Day 1778, Sapiens.

Yesterday I wrote that I wanted to start reading some of the books I have (read). I decided to start with Sapiens, from Yuval Noah Harari. It is a well known book that I read it a couple of years ago, well, I listened to it. I have listened to the first chapter today. I do this listening in the car and at work. Wile listening I sometimes get distracted and forget to pause, this is the reason why I didn’t mind listening to the book again. I took some notes this time, and after the first chapter I listened to it again in a faster speed. It is a good thing that I did that because I missed some parts again… Normally I don’t mind not getting it all in, but now I want to listen to it all I notice that that is not so easy. I am sure this will also happen when you read a book, but I was quite obvious now. I work as a carpenter, it is often impossible to concentrate on a book, but today the work didn’t need much attention, but I guess my mind wondered off at some point.

This is written on his website of Yuval Noah Harrari, a brief history of humankind.

Homo sapiens rules the world because it is the only animal that can believe in things that exist purely in its own imagination, such as gods, states, money and human rights.

Starting from this provocative idea, Sapiens goes on to retell the history of our species from a completely fresh perspective. It explains that money is the most pluralistic system of mutual trust ever devised; that capitalism is the most successful religion ever invented; that the treatment of animals in modern agriculture is probably the worst crime in history; and that even though we are far more powerful than our ancient ancestors, we aren’t much happier.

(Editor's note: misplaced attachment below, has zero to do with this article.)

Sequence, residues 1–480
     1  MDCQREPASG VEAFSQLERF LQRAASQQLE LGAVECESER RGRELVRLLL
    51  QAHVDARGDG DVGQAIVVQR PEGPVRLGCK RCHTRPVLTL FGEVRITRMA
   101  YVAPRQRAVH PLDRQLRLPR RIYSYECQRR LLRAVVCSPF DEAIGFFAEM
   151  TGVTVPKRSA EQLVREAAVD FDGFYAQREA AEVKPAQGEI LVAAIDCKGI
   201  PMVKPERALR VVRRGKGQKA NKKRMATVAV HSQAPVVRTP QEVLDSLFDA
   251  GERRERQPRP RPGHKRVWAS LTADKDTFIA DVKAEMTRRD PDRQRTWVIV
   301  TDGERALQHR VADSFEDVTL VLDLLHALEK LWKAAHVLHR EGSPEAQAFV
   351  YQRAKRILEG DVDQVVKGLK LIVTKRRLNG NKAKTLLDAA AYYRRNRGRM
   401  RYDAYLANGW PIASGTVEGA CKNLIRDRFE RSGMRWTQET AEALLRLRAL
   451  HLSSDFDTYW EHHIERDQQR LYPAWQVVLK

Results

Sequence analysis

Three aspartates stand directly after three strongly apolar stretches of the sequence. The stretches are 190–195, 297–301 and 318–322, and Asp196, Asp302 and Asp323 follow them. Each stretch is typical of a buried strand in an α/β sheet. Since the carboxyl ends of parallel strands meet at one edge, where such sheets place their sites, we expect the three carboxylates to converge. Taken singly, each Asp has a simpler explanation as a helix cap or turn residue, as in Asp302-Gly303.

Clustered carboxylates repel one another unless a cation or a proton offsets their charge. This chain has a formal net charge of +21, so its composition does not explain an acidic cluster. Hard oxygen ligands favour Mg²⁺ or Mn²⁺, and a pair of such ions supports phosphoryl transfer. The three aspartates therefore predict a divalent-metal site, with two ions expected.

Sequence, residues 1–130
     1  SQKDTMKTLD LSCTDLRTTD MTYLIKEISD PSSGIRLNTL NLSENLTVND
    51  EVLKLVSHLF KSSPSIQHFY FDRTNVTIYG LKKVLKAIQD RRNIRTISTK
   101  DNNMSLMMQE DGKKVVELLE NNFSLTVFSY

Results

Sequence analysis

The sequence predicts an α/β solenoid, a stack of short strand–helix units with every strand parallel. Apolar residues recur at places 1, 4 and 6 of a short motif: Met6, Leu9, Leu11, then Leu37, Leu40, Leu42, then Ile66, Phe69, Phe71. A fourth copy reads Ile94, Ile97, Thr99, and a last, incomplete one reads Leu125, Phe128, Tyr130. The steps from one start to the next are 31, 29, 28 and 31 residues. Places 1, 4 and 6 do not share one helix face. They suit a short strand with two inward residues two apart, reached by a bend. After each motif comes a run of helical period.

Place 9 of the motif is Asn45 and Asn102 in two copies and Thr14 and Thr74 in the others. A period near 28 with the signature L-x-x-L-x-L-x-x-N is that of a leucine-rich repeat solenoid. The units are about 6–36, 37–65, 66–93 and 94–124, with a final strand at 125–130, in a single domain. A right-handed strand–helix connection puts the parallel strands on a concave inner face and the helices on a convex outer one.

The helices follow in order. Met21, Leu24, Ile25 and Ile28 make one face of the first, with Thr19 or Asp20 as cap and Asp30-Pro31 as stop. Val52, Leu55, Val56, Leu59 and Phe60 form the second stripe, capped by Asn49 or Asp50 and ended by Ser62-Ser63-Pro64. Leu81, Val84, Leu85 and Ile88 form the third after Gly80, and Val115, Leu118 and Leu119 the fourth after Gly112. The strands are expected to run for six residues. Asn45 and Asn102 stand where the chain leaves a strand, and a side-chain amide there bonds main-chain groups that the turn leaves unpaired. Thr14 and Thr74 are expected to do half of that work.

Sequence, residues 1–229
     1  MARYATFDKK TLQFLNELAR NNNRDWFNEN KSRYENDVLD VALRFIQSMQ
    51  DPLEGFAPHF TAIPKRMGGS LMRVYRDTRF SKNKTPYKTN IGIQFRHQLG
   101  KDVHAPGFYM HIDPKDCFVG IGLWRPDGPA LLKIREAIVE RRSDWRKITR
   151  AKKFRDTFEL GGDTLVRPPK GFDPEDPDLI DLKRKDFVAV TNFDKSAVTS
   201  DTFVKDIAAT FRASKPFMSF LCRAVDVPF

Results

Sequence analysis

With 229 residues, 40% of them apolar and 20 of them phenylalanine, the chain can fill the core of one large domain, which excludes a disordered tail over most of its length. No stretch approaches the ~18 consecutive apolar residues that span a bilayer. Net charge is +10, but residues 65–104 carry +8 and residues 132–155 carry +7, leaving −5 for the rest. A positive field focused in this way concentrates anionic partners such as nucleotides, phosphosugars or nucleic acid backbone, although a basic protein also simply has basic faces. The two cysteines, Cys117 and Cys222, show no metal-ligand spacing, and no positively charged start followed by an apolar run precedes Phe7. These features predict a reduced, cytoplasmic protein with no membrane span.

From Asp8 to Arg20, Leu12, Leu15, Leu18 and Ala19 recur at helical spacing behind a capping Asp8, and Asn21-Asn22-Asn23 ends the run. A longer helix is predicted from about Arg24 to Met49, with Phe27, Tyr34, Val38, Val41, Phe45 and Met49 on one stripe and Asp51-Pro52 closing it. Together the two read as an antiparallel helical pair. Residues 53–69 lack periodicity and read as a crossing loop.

If you are interested in human history than I recommend starting with prehistory. How did people live before the periods we have some (written)information from. I find it interesting, and this book tells it without nonsense and it is reasonable up to date with the latest findings as far as I can tell. The way he writes tell me that he is a skeptical person, he tries to show different opinions but he doesn’t shy away from telling his own opinion. It is by no means a book that will tell you everything you need to know, it is a book written for a large audience and the ideas it brings are a good starting point for more research.

A few things that I realize better now are the facts that not only Homo Sapiens and the Homo Neandertalensis lived at the same time, but that there were other Homo … living also at the same time. We also pride ourselves of the big brain we have and that this is the reason why we are ahead of other animals, but we had that brain for 2 million years and didn’t do much with it. He writes that those “brains” were as capable as ours, they could in principle learn what we can learn if one would wake up now.

There is also a discussion about how we became Homo Sapiens. Did we replace the other species or did we breed with them. Most scientist prefer the so called replacement theory because this fits better with the idea that all humans are the same. The other idea is known as interbreeding and suggest that some Home Sapiens have DNA of other species that where living in the area they moved into. They now know that a lot of people in the west have some Neanderthaler DNA and people in other parts of the world carry DNA from other local, and extinct species. This is something I like to know more about.

Tomorrow I will write more about chapter one.

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